Things today look a lot brighter. After China-based Geely bought Volvo, it invested billions of dollars to turn it around. With two newly revamped models now in Volvo’s lineup, sales have started to rebound. Now the company is looking to the future, teaming up with Uber and other companies on developing autonomous cars.
Lex Kerssemakers [pictured above] is spearheading Volvo’s turnaround here in the United States. As CEO of the company’s Americas division, he oversees sales and research efforts here, including the recently announced research center in Mountain View.
Kerssemakers spoke recently with this newspaper about Volvo’s rebound, its research on electric and autonomous cars and its new Silicon Valley office. This interview has been edited for length and clarity.
Q Your sales increased from 57,000 cars sold in the United States in 2014 to 70,000 last year. What’s driving that rebound? And can it continue?
A Of course, the launch of our new car, the XC90. But also, we have been a little bit out of sight, out of mind. We really started to promote the brand again. And last but not least, our retailers are very much engaged because now they know what’s coming. We have showed them the entire portfolio.
In early 2019, the oldest car in our portfolio will be the XC90. So, we will have replaced every individual car we currently have in the product portfolio.
Sales are driven by an engaged retailer network and a good product portfolio. And we will have both.
Q As you’re revitalizing your fleet, what are some of the trends you are seeing and betting on?
A Fuel efficiency is very important. With fuel prices low, that’s fading a little bit away, but fuel prices will go up.
We believe four cylinders and three cylinders is the future, in terms of combustion engines. In the mid-term, you combine that with an electrical engine or electrical motor. What we have launched in the XC90 is our twin-engine concept, where we have a traditional four-cylinder turbo in the front and then an electrical engine in the rear.
In the long run, electrical cars will only increase. We strongly believe in electrification. We think that is the path where everybody is heading.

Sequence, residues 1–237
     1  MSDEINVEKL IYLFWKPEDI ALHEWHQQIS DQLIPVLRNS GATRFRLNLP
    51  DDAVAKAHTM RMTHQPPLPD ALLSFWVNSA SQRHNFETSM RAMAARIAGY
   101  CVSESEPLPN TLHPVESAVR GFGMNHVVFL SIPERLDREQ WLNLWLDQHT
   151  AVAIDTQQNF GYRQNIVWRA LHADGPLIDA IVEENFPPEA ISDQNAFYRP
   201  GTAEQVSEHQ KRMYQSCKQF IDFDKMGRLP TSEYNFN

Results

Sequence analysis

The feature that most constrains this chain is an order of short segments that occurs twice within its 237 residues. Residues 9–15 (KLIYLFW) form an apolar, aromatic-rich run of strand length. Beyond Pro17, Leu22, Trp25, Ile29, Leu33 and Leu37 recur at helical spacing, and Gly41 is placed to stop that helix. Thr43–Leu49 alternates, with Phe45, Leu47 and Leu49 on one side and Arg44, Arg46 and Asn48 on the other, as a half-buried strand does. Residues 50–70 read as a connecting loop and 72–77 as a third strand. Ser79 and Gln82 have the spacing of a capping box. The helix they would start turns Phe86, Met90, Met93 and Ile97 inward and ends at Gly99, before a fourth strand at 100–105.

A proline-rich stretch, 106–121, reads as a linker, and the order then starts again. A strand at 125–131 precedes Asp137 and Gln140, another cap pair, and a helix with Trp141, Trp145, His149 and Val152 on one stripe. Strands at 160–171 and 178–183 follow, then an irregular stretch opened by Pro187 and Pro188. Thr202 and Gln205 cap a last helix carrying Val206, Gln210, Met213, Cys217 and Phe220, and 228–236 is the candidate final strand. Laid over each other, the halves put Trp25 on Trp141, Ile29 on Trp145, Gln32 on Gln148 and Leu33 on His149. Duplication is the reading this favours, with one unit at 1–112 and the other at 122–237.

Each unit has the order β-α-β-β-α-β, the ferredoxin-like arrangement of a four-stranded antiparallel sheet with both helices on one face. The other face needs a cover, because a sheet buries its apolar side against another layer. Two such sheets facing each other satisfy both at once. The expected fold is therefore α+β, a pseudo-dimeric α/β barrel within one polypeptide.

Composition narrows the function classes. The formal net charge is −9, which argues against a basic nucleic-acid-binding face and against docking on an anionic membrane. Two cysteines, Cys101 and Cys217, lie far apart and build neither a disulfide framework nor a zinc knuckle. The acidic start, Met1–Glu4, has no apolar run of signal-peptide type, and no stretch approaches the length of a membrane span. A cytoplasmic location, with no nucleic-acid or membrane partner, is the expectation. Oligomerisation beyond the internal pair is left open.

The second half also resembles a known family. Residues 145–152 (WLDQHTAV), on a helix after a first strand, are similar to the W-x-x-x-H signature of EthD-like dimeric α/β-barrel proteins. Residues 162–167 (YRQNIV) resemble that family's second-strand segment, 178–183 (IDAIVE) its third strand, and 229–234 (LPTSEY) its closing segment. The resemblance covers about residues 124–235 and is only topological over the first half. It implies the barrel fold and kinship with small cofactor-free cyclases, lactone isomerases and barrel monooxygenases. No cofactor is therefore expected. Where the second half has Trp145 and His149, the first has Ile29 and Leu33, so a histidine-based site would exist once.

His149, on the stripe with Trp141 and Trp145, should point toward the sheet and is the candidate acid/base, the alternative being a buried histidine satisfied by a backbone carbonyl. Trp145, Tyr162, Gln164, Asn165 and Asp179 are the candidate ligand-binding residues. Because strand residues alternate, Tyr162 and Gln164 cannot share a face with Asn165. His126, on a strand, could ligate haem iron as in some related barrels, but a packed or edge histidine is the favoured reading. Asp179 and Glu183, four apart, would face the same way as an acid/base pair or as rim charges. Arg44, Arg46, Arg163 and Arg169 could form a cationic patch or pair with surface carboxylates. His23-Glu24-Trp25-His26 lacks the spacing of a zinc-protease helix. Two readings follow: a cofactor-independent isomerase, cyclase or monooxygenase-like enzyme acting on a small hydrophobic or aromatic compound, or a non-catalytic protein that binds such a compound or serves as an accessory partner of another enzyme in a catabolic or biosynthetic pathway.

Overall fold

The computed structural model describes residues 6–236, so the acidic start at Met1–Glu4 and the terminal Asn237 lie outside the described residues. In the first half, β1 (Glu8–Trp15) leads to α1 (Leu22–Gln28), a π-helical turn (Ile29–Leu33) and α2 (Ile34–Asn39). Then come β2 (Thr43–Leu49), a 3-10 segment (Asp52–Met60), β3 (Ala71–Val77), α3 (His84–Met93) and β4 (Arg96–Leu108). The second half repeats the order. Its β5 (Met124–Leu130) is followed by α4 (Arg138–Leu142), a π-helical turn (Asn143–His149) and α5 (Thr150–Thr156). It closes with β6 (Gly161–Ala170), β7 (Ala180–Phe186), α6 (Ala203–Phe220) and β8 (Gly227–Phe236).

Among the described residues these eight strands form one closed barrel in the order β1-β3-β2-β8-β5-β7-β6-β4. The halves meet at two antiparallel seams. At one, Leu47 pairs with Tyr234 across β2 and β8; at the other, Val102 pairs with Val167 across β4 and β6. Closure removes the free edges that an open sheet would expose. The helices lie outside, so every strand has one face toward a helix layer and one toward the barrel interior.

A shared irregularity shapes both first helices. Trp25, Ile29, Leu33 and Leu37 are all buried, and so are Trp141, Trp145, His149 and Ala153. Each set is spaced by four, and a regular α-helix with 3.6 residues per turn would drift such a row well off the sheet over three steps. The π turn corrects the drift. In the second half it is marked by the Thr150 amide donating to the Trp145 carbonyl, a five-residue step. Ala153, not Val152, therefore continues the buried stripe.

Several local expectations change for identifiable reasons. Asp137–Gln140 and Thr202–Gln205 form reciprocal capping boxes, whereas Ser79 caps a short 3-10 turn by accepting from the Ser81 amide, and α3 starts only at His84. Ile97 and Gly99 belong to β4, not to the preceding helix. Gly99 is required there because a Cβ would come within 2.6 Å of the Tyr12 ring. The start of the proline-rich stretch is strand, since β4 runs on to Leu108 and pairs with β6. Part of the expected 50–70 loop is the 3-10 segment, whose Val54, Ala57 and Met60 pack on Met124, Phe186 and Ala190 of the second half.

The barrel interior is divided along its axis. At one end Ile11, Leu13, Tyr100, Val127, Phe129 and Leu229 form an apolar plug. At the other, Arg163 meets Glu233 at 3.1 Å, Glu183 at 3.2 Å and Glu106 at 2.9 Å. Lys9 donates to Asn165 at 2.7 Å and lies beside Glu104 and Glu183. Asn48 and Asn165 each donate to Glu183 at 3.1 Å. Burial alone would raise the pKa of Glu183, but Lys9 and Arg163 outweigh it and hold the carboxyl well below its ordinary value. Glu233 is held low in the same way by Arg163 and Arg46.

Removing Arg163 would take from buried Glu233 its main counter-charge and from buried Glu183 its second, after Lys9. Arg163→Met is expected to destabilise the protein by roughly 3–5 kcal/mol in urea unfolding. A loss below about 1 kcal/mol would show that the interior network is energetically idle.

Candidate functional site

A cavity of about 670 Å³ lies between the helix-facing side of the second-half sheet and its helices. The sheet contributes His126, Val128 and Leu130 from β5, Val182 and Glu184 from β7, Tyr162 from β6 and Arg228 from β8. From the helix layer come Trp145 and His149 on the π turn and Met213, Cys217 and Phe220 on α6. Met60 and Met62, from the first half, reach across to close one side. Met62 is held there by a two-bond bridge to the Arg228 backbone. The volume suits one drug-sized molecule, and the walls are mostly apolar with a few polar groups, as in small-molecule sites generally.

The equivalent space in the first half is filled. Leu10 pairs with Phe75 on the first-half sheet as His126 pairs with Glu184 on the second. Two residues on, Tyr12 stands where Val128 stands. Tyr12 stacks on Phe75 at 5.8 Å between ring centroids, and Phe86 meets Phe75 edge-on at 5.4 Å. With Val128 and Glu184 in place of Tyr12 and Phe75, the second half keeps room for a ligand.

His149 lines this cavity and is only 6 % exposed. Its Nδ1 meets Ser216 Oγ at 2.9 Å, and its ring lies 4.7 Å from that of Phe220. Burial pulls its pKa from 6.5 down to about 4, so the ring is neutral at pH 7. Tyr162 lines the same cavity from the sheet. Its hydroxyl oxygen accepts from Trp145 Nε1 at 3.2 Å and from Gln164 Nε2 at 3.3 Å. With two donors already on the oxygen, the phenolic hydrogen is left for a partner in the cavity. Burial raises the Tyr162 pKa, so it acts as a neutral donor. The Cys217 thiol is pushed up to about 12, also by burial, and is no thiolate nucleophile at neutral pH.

Q Do you have a full electric vehicle in the works?
A No, not yet. But we will around ’18, ’19.
Q Besides electric cars, Volvo is also putting a lot of effort into developing autonomous cars. Why is the company so enthusiastic about the technology?
A It’s so strongly linked to our heritage on safety. I can’t stress it enough. We strongly believe in autonomous drive. And it’s a little bit with surprise I see the polarizing discussions going on, that “I want to drive myself.”
But it’s not about that. It’s not about taking away the freedom to drive. It’s to make use of the technologies, to take out the mistakes. Thirty-three thousand people killed on the road. It cannot continue like that. And we have the technology. That’s what we started to launch in 2008. If I don’t brake on time, the car will brake for me.
And the next step, then, is convenience.
Q How do you see autonomous cars offering convenience to drivers?
A It’s about giving back quality time to individuals. That’s what we call Concept 26 — a car where you can have your meetings, where you can watch TV if you want.
I get 26 minutes average back of the time I normally would sit behind my steering wheel and being irritated in the traffic jam in San Francisco. That’s the next step. A screen pops up, your seat is going to relax, your telephone system is working in a different way. It’s your time, and you can do whatever you want with it.
Q From Volvo’s standpoint, what are the problems that still need to be solved with self-driving cars?
A The technology. How do you make all the systems work in such a way that it’s better than the human brain?
Maps will be a very important thing. I was sitting with the mayor of Los Angeles and he was driving using our autopilot feature, and suddenly it disconnected, because there were no lines on the road. So infrastructure is an issue.
But it’s mainly about making all the technology work into a car environment in a reliable way.
Q Volvo is opening a research center in Silicon Valley in part to work on autonomous car technologies. How will you divvy up your research efforts? Will the focus of this research center be different from what you focus on in China or Sweden?
A Oh, that depends project by project. But everything around electrification, infotainment will be here.
But at the end, we are a relatively small company. We are not in the position to be black and white about “you do this” and “you do that.” We literally need all the brain capacity we have available. So we are very flexible in allocating tasks all over the world. But we didn’t go for nothing to the Bay Area, that’s for sure.